“In the South, we have a lot of sun.” He says it has the potential to restore degraded soil. “Where we grow in southern Portugal, the soil is very poor. Since the bamboo captures carbon dioxide and puts it into the ground, it makes the ground much better.”
Mr. Ditavernier says his company is working with partners to develop new products for the European market.
The challenge, he says, is a lack of standardization. “In Europe, we are not used to working with bamboo as a material. There is a lot of data in Asia, but little data in Europe to work with.”
Dr. Bhavna Sharma, assistant professor of architecture at the USC School of Architecture, and also a member of the task force that sets international standards for bamboo building materials, echoes this sentiment.
“Using bamboo in construction remains a challenge because it is still a non-traditional material,” she says.
“It’s just about increasing our knowledge, understanding how the material performs in different service environments, which means if I’m building in Amsterdam, how will the building perform in that kind of weather and climate versus if I’m building in Amsterdam?” Building in Indonesia? This way we can move forward in terms of the types of buildings we can build.”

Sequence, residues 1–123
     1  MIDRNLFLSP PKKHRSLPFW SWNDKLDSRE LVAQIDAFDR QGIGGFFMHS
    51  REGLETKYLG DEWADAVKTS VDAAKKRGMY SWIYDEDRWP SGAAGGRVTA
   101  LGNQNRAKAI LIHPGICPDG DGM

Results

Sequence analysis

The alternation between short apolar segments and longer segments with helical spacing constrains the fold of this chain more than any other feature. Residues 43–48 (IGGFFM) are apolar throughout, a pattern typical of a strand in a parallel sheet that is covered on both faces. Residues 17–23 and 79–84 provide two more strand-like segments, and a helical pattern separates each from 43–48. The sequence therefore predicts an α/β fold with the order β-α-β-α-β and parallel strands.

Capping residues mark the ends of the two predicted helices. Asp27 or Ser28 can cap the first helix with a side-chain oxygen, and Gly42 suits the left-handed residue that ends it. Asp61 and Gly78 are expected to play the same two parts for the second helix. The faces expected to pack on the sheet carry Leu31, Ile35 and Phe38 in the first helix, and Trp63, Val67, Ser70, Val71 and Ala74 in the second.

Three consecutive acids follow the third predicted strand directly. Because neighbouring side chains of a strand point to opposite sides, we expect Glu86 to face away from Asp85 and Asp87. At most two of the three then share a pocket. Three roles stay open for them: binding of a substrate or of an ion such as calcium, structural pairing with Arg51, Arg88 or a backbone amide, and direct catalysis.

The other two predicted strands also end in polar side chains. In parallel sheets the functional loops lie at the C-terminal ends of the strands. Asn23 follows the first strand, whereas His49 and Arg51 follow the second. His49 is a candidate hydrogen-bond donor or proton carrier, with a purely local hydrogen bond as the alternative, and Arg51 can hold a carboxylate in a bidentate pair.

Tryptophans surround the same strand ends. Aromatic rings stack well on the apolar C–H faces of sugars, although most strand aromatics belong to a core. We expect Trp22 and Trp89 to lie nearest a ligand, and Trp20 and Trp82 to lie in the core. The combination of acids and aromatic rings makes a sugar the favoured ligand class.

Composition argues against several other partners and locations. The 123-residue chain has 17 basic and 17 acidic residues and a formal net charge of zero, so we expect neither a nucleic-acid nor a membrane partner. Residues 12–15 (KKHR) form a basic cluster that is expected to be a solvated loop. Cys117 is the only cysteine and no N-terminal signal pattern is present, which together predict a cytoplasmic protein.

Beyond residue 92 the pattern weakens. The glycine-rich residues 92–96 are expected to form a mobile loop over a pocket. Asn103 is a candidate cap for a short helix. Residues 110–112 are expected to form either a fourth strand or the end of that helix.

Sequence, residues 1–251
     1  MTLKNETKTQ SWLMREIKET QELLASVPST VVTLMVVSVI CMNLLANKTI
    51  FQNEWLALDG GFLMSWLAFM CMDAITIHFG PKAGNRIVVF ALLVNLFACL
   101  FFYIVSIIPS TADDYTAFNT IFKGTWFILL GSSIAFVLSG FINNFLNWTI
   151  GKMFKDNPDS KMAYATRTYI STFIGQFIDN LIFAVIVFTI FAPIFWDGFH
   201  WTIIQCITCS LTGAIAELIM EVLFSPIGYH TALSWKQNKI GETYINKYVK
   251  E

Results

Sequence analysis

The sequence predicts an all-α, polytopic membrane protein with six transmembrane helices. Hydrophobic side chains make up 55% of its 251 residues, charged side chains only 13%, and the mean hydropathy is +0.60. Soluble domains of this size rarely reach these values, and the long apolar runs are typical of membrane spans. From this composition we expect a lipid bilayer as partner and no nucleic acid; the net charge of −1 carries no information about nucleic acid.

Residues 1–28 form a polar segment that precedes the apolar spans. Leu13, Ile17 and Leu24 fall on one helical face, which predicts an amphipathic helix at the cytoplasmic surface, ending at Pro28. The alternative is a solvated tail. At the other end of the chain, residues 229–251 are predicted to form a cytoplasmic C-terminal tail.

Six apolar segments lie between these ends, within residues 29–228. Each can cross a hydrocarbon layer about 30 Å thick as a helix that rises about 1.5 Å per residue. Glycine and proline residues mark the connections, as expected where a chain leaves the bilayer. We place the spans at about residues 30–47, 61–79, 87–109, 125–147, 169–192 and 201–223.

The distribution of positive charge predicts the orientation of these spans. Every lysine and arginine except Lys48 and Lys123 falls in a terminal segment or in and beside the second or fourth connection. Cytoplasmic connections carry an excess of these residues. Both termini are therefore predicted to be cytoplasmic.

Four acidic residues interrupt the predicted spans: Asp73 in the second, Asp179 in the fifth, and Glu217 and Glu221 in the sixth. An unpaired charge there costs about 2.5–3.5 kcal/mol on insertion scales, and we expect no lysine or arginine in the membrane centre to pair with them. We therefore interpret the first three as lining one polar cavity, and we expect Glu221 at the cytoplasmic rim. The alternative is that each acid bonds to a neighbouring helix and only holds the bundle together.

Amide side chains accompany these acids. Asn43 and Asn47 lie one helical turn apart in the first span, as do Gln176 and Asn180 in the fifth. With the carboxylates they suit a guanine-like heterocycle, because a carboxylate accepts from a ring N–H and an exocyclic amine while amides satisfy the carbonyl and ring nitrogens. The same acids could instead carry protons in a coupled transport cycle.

Mr. Sharma says the first International Standards Organization engineering bamboo testing standards were published last summer. “This will support practitioners, designers and engineers in adopting materials into projects.”
In California, sustainable building materials company BamCore, founded in 2019, offers a framing system composed of bamboo and engineered wood, or eucalyptus and wood. The panels are used to construct buildings up to five stories high for both commercial and residential buildings.
“Our clients originally started out as single-home buyers or architects who were looking to be more sustainable,” says Kate Shelton, chief sustainability officer at BamCore.
“But as we started to grow, we started attracting developers as clients.” She points to D. R. Horton, the largest home builder in the United States, which she says is in the process of trialling its bamboo product across several development projects in the United States.
There are more than 1,600 species of bamboo, and BamCore’s favorite is Dendrocalamus asper, more commonly known as Giant Clumping Bamboo, which they import from South America and Asia. However, Ms Shelton says they are in talks with the owner of a bamboo farm in Florida who is currently trialling Dendrocalamus asper.
Some embrace the creative potential of bamboo. Event marketing agency Natchlab is creating a 650 square meter temple from recycled bamboo for next year’s Boom Arts and Music Festival in Portugal.
“The open plan, airy, high structures are exactly what you need at a festival,” Mr. Sibthorpe, creative director of Nachtlab, said at the Green Conference – part of the dance event in Amsterdam.
“Bamboo can bend and shape quite a bit. It’s a very flexible material.”